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Where the 'Bears' Are

The word for up close and personal is Plexiglas on a family trek to see the zoo's new pandas, some polar bears, and Sea World's whales


SAN DIEGO — It was supposed to be the Great Panda Adventure. But for me it became the Great Plexiglas Adventure--an admittedly peculiar transformation that I'll explain in due course.

Our impromptu pilgrimage to the San Diego Zoo's new Giant Panda exhibit came at precisely the wrong moment. I started dialing for room deals on a Thursday and immediately discovered that the impending weekend was tagged onto Veterans Day.

Faced with a virtual San Diego sellout, we jury-rigged a deal at the Bahia Hotel on Mission Bay, coughing up $275 for a suite Saturday night, then moving to a studio the next day at a discounted rate of $129.

The Bahia is a sprawling, 325-room architectural hodgepodge. Our suite, in a coral-pink, two-story cinder block building, reminded my wife, Pam, and me of the sort of posh vacation digs that we, as children in the '60s, had imagined Sammy Davis Jr. frequenting.

Immediately upon arrival Saturday night, our children--Ashley, 12, Emily, 9, and Bobby, 7--led us off to explore the resort's 14 acres. We trotted around a meandering duck pond, tried out the beach playground and watched seals sleeping in the hotel's own little seal pool. Then, while I dashed off for take-out Chinese food, Pam and the kids hit the pool and Jacuzzi.

The next morning, we arrived at the zoo before the gates opened at 9. It was hardly surprising that a few of us in line found ourselves afflicted with those deadly sins peculiar to the media-maddened final days of the 20th century: celebrity lust and experiential greed.

On loan from China for 12 years, at the special research rental rate (donated to China for habitat protection) of $1 million a year, the Giant Pandas have stirred what locals call pandamonium (a sad symptom of which is pandemic punning). The zoo has pandered to the public's appetite with the skill of Michael Jackson's publicist, escorting the creatures to the park in a full-fledged motorcade on Sept. 10, then secreting them away for several weeks of testing.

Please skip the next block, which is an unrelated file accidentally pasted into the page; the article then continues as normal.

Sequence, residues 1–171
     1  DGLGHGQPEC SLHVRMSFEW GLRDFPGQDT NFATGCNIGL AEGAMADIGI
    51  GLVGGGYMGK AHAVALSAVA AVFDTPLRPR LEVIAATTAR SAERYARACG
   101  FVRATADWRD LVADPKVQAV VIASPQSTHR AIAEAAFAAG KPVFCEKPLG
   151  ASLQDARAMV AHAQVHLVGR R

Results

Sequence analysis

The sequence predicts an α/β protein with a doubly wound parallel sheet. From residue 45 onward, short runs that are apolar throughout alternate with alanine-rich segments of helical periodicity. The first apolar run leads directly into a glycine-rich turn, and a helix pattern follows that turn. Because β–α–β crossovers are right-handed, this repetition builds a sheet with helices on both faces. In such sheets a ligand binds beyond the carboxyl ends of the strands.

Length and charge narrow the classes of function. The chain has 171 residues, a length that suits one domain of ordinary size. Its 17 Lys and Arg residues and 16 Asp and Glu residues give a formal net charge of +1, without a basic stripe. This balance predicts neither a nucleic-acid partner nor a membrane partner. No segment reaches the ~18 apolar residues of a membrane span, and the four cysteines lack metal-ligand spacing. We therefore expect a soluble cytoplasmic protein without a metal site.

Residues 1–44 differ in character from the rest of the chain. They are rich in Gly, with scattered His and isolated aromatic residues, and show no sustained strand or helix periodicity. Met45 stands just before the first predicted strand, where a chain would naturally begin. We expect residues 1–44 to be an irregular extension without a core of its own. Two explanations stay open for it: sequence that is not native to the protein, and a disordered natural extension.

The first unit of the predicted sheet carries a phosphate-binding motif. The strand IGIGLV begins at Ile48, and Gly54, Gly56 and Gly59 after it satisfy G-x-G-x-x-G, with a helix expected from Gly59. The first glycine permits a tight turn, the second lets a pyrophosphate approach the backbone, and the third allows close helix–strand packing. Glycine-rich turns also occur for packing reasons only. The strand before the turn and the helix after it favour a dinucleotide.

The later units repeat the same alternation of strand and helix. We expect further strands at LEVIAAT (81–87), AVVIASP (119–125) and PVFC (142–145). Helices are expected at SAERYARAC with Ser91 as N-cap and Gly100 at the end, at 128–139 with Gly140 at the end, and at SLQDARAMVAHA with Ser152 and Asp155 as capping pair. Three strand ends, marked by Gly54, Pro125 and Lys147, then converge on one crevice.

The pandas finally went on display Nov. 1. We arrived at the panda exhibit 45 minutes after entering the park, the 584th to589th arrivals of the morning, according to an employee with a clicker who said that about 1,000 people an hour troop through during the usual 9 a.m.-3 p.m. display period. (To make sure the pandas are on view, call [888] MY PANDA.)

As we neared the pandas, video monitors told us that poaching and habitat loss threatens these shy beasts, which are not technically bears, but members of a bear-like family (Ailuropodidae) from China. They normally feed on bamboo but are, in fact, carnivores. A mere 1,000 of them remain, faced with the same predicament as so many species worldwide: extinction.

In the pandas' outdoor inner sanctum, a zoo employee perched on what looked like a lifeguard tower, repeatedly tells the pandas' story: that Shi Shi, the adolescent male, was found wounded in the wilds of China; that Bai Yun, the 5-year-old female, was born in captivity.

Shi Shi means "Rock," we were told, and the name seemed to fit. I paused to determine which camouflaged lump looked most bearlike. But, instantly, a uniformed zoo guard urged me to "Please keep the line moving."

Bai Yun means "white cloud." But "furry brown and beige rock" would fit her too. I watched her sleep for 45 seconds or so, before the pressure to move on squirted me from the exhibit.

Borrowing a marketing trick from Disneyland, the zoo spills panda viewers head-on into a gift shop, where they can purchase all manner of panda paraphernalia: flags, beach towels, umbrellas (with or without panda ears), earrings, socks, masks, letterman's jackets, sunglasses, Christmas ornaments, bibs, shot glasses, thimbles, fans, pens, shoelaces, spoons, puzzles, golf balls, furry panda purses and panda-motif bottles of balsamic vinegar. (All profits from these sales go to panda research, according to the zoo's excellent Web site:

Later, munching sandwiches at the zoo's Treehouse Cafe, we decided the pandas were swell, but no more or less deserving of adoration than the pygmy marmosets, the Island Siamangs or, for that matter, the attention-starved Chinese Lesser Pandas exhibited elsewhere in the park.

As far as I'm concerned, though, the real star of the show wasn't even animate, let alone an animal. A clue to my obsession with this can be gleaned from our behavior on Sunday night.


We left the zoo an hour before closing, feeling as if we had hiked every inch of its 100 acres. Back at the hotel, we hastily pulled on swimsuits and sprinted barefoot to the pool enclosure. But wait! The gate was locked! I approached a hotel manager, who calmly informed me that the pool was being drained for repairs.

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